The first roundtables of the 2019 schedule will be revealed soon.
SOCIAL MOBILITY ROUNDTABLE, 19 DEC 2018
Our last roundtable was held on Wednesday 19 December 2018. The following information pertains to this past event, but serves as an indication of how the meetings are organised and what to expect...
You know that social mobility - or a lack of it - is a problem that affects your business, but what are the practical things you can do tackle it? Join our roundtable to learn from experts and peers in our new 'creative collaborators' meeting format.
Social mobility is the movement of individuals, families, households, or other categories of people within or between social tiers or strata in a society. It is a change in social status relative to one's previous social location within a given society.
While the movement can be in a downward or upward direction, in the context of responsible business, social mobility generally concerns the challenge of achieving diversity in the workplace, and in particular ensuring that people from lower social classes progress through all management tiers and to the very top of the organisation.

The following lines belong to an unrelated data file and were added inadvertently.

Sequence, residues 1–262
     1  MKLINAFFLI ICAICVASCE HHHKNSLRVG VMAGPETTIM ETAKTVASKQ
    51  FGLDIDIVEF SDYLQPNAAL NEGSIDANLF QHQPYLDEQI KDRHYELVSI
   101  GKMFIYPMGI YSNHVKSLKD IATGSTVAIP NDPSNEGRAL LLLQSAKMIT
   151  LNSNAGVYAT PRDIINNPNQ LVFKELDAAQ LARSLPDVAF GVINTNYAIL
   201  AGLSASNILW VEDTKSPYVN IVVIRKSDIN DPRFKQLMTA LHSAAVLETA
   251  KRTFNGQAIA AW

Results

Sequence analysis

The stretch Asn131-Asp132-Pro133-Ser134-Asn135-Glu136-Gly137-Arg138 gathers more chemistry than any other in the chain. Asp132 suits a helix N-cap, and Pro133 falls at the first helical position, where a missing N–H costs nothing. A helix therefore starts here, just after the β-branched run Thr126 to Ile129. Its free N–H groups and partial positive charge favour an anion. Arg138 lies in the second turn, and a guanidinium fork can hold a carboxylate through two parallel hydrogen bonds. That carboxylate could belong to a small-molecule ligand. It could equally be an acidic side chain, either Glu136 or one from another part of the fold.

In the UK, as in much of the developed world, evidence suggests that opportunities and outcomes in education and employment for individuals from higher socio-economic backgrounds are considerably better than for those from lower socio-economic backgrounds.
This is a problem which demands attention. And on becoming Prime Minister in July 2016, Theresa May stood on the steps of Downing Street and promised to fight the "burning injustices" in British society. Her government was to prioritise working class families who were "just about managing", and she promised to take on entrenched privilege and help people from any background to "go as far as their talents took them".
Social mobility requires the removal of barriers to progression that are determined by a person's background. As well as the ‘burning injustice’ to individuals who encounter it, a lack of social mobility diminishes diversity and the social, cultural and economic benefits which flow from it, on which healthy and vibrant businesses and societies depend.